Tuesday, April 29, 2008

French Martini - Liberated from my laptop at last


I should add, that when my girlfriend and I went to see Figaro Friday night at the Berkeley Rep we were there because of the 30 Below Night party. No they don’t super cool the theater and give everyone parkas. They sell cheap tickets to people under 30 in an attempt to get more young people in the door. A great idea, but since even at those prices twentysomethings are too hip to go see theatre, they pack the night with pre-show cocktails and a post show dance party as added incentive. Alas, by leaving at intermission I was deprived/spared the post show dance party, but I did partake in the pre-show libations.

The cocktail du jour was a French Martini. Not having any idea what’s in a French Martini, but being a Martini fan myself, I did some research before I went. First off, it's a vodka martini, which really isn't a "martini", it's a "vodka martini" so it should technically be a "French Vodka Martini", unless you give the creators license to decide that a "French Martini" is by default made with vodka. I'm not sure I do.

Secondly, it contains Chambord and pineapple juice.

Notice no vermouth. Another strike against the label "martini" given that Martinis are called "martinis" because of "Martini" brand vermouth. In point of fact, if you walk into a bar in Italy and order a "martini" you will get Martini brand vermouth, and nothing else. Meaning the vermouth is perhaps more intrinsic to the cocktail than even the gin.

Also notice, no olive. Now I’m not saying an olive would be good in a French Martini. I just mention it as further evidence that the “martini” moniker is a misnomer. After all, if you take the olives out of a Martini and substitute cocktail onions, suddenly you have a Gibson. Or really a Gin Gibson as Gibsons are, by default, made with vodka, much in the same way Martinis are, by default (in any high quality establishment), made with gin.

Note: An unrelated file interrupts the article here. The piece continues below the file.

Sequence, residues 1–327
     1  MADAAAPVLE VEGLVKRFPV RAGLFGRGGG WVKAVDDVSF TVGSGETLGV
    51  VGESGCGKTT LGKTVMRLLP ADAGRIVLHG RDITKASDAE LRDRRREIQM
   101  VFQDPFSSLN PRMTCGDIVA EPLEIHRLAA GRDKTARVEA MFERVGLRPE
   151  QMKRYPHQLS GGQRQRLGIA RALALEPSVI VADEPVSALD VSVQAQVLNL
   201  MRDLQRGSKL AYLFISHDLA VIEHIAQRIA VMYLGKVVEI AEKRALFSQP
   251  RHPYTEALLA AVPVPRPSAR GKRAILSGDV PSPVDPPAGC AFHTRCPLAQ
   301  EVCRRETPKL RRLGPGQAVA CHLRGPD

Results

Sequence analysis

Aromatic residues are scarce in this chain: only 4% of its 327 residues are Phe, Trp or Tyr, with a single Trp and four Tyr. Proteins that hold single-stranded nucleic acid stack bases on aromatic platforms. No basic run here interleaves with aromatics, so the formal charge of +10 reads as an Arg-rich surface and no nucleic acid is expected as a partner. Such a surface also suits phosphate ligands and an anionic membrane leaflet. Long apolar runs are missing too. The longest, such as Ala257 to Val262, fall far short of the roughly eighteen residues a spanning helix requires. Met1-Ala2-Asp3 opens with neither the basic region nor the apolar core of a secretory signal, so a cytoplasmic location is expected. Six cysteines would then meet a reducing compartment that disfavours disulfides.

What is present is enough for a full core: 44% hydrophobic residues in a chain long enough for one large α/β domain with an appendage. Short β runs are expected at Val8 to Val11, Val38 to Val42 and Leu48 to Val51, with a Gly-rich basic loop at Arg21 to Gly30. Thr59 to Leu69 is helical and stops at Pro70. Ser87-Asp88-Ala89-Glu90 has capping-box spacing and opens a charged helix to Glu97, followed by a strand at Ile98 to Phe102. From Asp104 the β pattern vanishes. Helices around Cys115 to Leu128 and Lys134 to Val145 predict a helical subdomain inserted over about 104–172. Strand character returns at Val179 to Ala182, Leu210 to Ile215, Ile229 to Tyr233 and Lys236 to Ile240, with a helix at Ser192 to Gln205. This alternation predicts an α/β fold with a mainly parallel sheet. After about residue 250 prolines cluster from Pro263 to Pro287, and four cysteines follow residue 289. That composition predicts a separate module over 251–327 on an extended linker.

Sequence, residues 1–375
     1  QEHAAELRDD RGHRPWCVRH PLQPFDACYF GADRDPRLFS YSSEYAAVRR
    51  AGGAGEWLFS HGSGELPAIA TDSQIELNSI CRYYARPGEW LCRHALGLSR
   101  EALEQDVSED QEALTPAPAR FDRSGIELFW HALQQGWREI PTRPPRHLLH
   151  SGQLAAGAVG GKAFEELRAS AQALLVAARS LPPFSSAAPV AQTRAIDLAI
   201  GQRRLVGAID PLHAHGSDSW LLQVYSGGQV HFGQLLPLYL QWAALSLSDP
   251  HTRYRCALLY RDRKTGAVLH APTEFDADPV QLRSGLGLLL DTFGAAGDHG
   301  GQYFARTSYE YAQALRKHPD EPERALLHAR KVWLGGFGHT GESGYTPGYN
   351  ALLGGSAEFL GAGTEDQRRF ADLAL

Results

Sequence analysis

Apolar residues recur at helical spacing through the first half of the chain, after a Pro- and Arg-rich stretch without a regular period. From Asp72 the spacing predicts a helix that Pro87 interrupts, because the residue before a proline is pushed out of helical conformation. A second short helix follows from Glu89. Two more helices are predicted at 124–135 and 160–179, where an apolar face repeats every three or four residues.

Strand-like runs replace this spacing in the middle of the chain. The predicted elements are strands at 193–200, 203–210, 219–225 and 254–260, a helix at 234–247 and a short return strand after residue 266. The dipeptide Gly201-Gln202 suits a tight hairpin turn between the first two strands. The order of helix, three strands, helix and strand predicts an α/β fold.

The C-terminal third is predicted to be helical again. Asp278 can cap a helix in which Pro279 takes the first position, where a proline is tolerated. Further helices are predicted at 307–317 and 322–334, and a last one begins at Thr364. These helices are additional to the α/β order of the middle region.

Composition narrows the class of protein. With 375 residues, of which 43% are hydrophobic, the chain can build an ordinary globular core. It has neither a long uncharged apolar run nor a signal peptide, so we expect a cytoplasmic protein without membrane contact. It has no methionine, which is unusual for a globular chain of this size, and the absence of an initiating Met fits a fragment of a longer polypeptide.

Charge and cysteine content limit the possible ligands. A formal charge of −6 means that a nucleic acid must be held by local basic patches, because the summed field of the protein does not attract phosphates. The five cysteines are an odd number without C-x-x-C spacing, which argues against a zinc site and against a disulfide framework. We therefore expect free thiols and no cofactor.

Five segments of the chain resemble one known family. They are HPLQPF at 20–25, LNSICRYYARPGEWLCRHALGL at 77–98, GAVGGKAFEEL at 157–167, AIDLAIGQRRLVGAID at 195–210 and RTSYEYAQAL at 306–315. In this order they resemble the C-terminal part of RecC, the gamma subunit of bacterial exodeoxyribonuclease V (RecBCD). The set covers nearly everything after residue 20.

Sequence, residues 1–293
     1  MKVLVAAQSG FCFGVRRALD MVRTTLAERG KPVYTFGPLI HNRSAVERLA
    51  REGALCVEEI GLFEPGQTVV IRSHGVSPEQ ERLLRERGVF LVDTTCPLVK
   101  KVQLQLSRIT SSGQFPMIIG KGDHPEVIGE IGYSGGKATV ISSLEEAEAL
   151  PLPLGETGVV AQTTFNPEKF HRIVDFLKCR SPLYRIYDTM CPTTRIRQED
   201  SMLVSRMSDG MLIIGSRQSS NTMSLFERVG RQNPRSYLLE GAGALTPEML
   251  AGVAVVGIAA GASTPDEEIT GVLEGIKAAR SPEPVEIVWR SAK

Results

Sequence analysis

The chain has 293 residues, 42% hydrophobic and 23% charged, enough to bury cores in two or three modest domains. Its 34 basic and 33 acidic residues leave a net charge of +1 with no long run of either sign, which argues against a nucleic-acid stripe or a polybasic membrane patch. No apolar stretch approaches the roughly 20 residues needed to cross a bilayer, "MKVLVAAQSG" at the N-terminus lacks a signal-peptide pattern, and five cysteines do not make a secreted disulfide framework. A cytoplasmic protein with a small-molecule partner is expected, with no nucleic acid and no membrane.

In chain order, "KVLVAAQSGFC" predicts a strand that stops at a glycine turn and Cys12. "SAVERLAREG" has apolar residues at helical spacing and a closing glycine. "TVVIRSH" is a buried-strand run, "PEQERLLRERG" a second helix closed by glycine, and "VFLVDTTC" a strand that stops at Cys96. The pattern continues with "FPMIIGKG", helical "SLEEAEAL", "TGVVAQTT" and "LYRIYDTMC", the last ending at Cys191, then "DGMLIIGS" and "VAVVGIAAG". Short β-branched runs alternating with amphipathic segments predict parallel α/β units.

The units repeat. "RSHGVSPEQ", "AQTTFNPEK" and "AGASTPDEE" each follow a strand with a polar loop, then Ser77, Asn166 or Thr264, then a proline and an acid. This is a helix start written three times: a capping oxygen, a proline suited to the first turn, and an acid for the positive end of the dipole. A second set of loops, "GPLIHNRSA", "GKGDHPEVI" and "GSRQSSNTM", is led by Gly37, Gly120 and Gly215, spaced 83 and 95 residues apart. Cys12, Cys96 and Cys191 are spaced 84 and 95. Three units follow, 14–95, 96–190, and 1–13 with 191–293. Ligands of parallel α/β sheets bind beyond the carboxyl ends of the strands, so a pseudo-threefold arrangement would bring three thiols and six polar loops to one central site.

Finally, the French Martini was invented quite recently by the fine marketing people at Chambord.

So what should it really be called? Well, given that the signature ingredient seems to be the Chambord and given that Chambord invented it, I think it should really be called a “Chatam International Incorporated” or simply a “Chatam” for short. That makes way more sense, right?

All that said, they were yummy!

2 comments:

  1. smartlikeatruckMay 2, 2008 at 1:37 PM

    I am continually annoyed by bartenders who attempt to put vodka in my glass. I prefer a sweet maritini, which is vaguely impossible to get in bars.

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  2. The wonderful people at Chambord need to research the names of the drinks they create. A true French martini has been around for hundreds of years and uses Lillet. Now when people order a "french martini" a bartender or server has to question if the guest knowns whats in a true "french" martini or if they freqently dine at places like TGI Fridays or Ruby Tuesdays.

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